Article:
ing criteria: Lucerne School of Business
Secretariat of the Master’s programme
– Bachelor’s degree or a university degree in business Zentralstrasse 9
administration, economics or similar discipline. In order to CH-6002 Lucerne
enrol in the Master’s programme with a Major in Tourism, Switzerland
students must have 6 credits (equivalent to 6 contact hours
per week per semester) in business administration and 6 T +41 41 228 41 30
credits in economics. F +41 41 228 41 31
– Starting from the 3rd semester, students are expected to
have a basic knowledge of tourism. Graduates with a The university will conduct interviews starting at the end of
Bachelor’s degree or a degree from a university of applied January and will not issue a letter confirming acceptance,
sciences not specialised in tourism must show certificates before the interview was conducted. Because seats in the
of completion for the following credits within the first year programme are awarded in the order in which applications
of study in the Master’s programme: are received, early application is encouraged.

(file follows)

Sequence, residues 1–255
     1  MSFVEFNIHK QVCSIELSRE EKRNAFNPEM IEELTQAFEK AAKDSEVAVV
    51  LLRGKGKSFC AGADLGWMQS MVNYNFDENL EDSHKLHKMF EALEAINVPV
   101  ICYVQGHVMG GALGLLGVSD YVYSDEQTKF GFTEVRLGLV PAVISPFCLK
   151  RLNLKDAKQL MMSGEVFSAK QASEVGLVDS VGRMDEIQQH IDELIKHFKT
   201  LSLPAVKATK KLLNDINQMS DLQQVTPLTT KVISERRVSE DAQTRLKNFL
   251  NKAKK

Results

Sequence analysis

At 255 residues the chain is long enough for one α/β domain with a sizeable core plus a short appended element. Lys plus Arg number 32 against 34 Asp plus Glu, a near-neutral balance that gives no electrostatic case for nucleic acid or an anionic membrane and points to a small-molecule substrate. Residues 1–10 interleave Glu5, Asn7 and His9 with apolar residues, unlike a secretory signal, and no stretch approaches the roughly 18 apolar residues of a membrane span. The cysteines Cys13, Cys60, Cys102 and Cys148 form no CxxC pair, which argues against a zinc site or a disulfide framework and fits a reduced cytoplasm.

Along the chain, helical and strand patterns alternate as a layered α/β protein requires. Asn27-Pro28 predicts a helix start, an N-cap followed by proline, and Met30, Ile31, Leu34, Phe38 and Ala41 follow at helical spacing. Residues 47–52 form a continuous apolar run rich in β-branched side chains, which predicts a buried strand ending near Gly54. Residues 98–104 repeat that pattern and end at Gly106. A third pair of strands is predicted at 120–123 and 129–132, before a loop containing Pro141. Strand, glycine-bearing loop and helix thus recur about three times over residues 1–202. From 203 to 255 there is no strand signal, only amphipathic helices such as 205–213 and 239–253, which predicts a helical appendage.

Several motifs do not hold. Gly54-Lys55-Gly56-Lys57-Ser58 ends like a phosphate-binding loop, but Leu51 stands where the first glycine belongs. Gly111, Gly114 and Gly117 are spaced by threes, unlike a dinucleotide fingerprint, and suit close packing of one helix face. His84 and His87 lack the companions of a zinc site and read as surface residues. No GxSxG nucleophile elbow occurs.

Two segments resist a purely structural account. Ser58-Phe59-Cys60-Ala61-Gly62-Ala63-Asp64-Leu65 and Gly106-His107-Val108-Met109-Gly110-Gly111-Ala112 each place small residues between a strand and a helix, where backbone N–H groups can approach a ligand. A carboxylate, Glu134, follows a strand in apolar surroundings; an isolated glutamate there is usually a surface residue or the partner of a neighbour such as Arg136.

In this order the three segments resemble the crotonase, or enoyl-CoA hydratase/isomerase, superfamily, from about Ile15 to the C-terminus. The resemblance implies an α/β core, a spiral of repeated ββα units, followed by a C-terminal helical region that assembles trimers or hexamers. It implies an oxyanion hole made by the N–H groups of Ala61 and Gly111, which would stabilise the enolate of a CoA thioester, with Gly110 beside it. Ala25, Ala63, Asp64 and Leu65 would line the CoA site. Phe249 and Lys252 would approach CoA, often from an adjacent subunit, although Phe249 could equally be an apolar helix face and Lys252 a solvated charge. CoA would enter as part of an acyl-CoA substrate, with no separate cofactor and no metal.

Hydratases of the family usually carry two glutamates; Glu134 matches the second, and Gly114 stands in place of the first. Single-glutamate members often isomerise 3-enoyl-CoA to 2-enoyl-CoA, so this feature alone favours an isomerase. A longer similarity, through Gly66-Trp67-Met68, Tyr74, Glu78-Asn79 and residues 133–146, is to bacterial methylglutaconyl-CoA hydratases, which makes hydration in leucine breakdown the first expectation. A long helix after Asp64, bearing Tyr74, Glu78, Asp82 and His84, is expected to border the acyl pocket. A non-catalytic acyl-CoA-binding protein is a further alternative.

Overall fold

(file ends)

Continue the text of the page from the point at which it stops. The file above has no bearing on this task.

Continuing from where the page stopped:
– 3 credits in destination management and 3 credits Further information on the consecutive Master’s
in transport/mobility, or 6 credits in a foundation course programmes and application forms are available at
in tourism. Partial credits are accepted. www.hslu.ch/w-master.
Applicants who do not meet these entry requirements may The head of the programme will be happy to provide
be admitted on the condition that they make up any advice and information. Contact Dr. Andreas Liebrich at
missing requirements during the first year of the pro- T +41 41 228 42 34 or at firstname.lastname@example.org.
The application must include the completed application
form and all documents listed on this form.
Candidates who are still working on their Bachelor’s studies
at the time of the application may submit any pending Note: The MSc in Business Administration is offered on the condition